"I do not go to church anymore... I guess you might say I've come around to secular humanism, an obligation I believe all humans have to others and the world we live in."
- Charles Schultz (1989)The Kansas City Star just ran a nice piece by Helen Stringer with the Kansas City Oasis about how "people are more important than beliefs." You'd be hard pressed to find a better and more succinct definition of humanism. It captures the idea that you can be a Buddhist, Jewish, or Christian humanist, or you can be a secular (atheist or agnostic) humanist; however, it also suggests that beliefs should be questioned and revised (or abandoned) when they conflict with humanism. Doubt and skepticism are essential elements of my own secular humanism, so I was also pleased to discover this gem yesterday via a local Presbyterian minister I follow on Facebook:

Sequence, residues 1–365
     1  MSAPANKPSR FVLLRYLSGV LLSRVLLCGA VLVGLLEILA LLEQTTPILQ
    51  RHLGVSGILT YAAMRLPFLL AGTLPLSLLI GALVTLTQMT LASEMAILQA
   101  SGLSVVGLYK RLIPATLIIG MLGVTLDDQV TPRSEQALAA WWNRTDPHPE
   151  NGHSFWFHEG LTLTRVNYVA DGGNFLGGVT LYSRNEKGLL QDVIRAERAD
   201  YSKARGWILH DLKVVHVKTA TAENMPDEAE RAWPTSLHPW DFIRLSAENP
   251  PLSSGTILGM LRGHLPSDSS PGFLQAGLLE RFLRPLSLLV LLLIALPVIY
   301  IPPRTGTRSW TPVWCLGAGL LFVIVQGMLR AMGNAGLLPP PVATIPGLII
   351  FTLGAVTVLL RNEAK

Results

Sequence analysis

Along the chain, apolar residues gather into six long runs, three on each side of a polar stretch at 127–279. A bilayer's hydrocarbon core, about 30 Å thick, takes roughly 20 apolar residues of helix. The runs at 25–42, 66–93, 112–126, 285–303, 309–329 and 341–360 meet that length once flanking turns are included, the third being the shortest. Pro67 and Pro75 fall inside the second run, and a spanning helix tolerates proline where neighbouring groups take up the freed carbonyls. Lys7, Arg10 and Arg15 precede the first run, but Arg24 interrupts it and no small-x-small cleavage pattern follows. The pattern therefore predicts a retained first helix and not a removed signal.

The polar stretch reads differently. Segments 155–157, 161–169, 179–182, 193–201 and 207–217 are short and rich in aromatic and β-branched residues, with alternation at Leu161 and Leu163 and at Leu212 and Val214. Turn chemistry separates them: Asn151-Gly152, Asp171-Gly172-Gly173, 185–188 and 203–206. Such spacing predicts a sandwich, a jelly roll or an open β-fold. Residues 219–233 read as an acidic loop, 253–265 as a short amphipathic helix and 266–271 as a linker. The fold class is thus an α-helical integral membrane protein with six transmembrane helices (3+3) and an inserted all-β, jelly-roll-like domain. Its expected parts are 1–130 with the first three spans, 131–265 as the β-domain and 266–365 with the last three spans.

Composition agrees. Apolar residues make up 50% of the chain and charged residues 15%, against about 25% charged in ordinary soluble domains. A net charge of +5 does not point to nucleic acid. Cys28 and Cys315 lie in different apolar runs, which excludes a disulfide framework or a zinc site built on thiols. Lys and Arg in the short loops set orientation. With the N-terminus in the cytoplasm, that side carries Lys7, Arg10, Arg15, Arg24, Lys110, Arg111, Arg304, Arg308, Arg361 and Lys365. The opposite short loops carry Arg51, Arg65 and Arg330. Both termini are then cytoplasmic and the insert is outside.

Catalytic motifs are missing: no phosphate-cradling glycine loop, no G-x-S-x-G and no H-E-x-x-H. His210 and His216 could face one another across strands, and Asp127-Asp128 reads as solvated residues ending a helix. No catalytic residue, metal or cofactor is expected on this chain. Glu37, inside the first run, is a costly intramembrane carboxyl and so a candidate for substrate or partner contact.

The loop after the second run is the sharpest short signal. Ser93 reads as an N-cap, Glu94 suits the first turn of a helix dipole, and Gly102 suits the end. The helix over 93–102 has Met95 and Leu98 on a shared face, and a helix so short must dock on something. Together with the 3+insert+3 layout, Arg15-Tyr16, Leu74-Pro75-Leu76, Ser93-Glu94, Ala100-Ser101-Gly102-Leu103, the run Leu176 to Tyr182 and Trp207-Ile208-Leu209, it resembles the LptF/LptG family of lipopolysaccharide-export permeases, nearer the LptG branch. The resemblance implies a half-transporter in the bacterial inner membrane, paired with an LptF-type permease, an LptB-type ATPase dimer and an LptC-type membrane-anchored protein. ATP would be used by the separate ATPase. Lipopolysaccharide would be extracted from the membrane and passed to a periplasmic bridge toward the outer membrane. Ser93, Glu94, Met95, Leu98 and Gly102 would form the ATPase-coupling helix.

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"Schulz was a deeply spiritual man, as evidenced by the many times he quoted the Bible in his strip. But he had little patience for those who claimed to have all the answers. In a 1976 strip Snoopy is seen writing a book on theology called "Has It Ever Occurred to You That You Might Be Wrong?" Schulz loved that punch line so much he used it again in 1980 when Linus concluded a Bible class by asking the teacher the same question."
- Michael Schuman. "'Peanuts' fans find nirvana in Schulz museum." Chicago Tribune.While we're on the topic, if you haven't watched it already I highly recommend Kathryn Schulz's Ted Talk on being wrong. Ubi dubium ibi libertas! And remember, you can be an atheist and a Presbyterian and still be a humanist! You can even be introduced to humanism by a Muslim...if you are willing to connect and believe people are more important than beliefs.